I'm updating a website, doing an iterative improvement on the accessibility.

I'm using multiple tools to get the pages better: FireFox's accessibility tree viewer; Chrome's lighthouse checker; the "wave" accessibility tool, and I'm trying tenon.io (sadly, I don't have access to a decent screen reader - nvda is too fast for me to hear, orca seems to read the current line, and I don't have access to JAWS)

So here's what I have:

I have a navigation structure like this:

  <nav aria-label="Main navigation">
    <section class="desktop-navigation" aria-label="Main Menu">
      <ul aria-label="Menu items">
        <li><a href="/" aria-label="Return to the home page to read about Example">About Example</a></li>
        <li><a href="/documentation/" aria-label="Service Documentation">Documentation</a></li>
        <li><a href="/pricing/" aria-label="Subscription pricing">Pricing</a></li>
        <li><a href="https://example.statuspage.io" aria-label="Example Status" rel="external">Status</a></li>
        <li><a href="/contact-us/" aria-label="Example contact us form">Contact us</a></li>

    <section class="main-nav-wrapper" aria-label="Header logos">
      <a href="/"><img src="/images/logo_example.svg?v=488a8c6971df396baaa401bb073b4a6b"
         class="header-logo" alt="The Example logo" aria-label="Example Logo"/></a>
        <div class="site-logos-right" aria-label="Corporate Logos">
          <a class="external-link" href="https://www.example.com/" rel="external"><img
             src="/images/logo_company.svg?v=98693292e027eca1f27cfc89b68a77d2" class="company-logo"
             aria-label="The Company logo" alt="Official logo for Company"/></a>
          <a class="external-link" href="https://example.com/department"
             rel="external"><img src="/images/logo_department.svg?v=ff0114bb2ebf7eff339341f9554220d0"
                 class="edina-logo" alt="Official Department logo" aria-label="department logo" /></a>

..... and this is 100% according the lighthouse, but tenon.io is reporting an issue (multiple times) and I don't understand why:

This element uses multiple strategies to create labels

This element has more than one possible label. The manner in which the accessible name is calculated for controls uses an algorithm in which only one of these labelling approaches will win. This means one of these labels will be ignored by assistive technologies. There should be only one label provided and the others should be removed.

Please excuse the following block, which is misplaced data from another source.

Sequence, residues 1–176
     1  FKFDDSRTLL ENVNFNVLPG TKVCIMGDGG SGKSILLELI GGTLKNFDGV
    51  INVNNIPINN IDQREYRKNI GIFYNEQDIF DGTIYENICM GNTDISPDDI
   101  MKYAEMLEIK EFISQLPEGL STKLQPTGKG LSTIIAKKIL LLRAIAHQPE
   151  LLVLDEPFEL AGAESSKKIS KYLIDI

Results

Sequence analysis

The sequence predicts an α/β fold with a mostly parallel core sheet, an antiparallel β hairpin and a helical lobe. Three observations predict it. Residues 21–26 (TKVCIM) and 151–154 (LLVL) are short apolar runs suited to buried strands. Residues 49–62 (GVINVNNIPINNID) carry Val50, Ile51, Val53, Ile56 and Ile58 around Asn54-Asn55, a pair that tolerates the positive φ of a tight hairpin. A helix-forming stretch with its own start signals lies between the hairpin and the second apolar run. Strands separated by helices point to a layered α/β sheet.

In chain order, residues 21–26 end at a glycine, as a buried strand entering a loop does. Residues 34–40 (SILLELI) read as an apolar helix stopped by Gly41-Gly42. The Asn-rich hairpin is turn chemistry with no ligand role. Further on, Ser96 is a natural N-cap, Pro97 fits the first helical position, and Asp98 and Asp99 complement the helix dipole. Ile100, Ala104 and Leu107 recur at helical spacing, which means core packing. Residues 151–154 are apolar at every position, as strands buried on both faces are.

Examples of items identified:

<nav role="navigation" aria-label="Main navigation">
    <section class="desktop-navigation" aria-label="Main Menu">
      <ul aria-label="Menu items">
        <li><a href="/" aria-label="Return to the home page to read about

(I notice that the W3C site does not label the uls - but then they show as un-named elements in firefox)

I definitely want to label landmarks & sections.... so what's it actually complaing about?

<li><a href="/pricing/" aria-label="Subscription pricing">Pricing</a></li>

.... this is an example of where I want to have a more descriptive label for the element - when scanning the accessibility tree, just having the bare link-text doesn't (to me) read as well as having some context: as a sighted user, I know my eyes have flicked over much of the page, and seen additional text, so subconsciously have some context for the menu items.

My question(s)

How is the accessibility label computed?

Why can't I have a more descriptive label on a link? (lighthouse complains if the alt text doesn't contain the link text... but is happy if it's more than the link text) - or is this tenon.io being over-picky?

1 Answer 1


The accessible name computation is how accessibility labels are computed.

You're using aria-label too much, and the result may be difficult to listen to or outright confusing for human visitors using assistive technologies.

The first rule of ARIA is don't use ARIA unless you really have to.

  • It is appropriate to use aria-label on the <nav> and <section> elements. Keep that.

  • I can't think of any good reason to use aria-label on a <ul> element. I'd recommend removing that.

  • Using aria-label on anchor elements is normally unnecessary and should be approached with caution. Unless you have a really good reason, you probably shouldn't be presenting different content to visitors using assistive technology.

  • I would also recommend removing aria-label from your images. This is exactly what alt text is for.

If you really want to use aria-label on anchor elements, WCAG has some guidance:

Per the Accessible Name and Description Computation and the HTML to Platform Accessibility APIs Implementation Guide, the aria-label text will override the text supplied within the link. As such the text supplied will be used instead of the link text by AT. Due to this it is recommended to start the text used in aria-label with the text used within the link. This will allow consistent communication between users.


Don't give up on NVDA just yet. I also found the default speech settings too fast and difficult to understand. You just need to adjust the settings. The voice can also be changed out for better ones. It takes a bit of work to configure, but in my opinion NVDA is the best free screen reader available today. VoiceOver is also very nice if you have access to Mac/iOS products.

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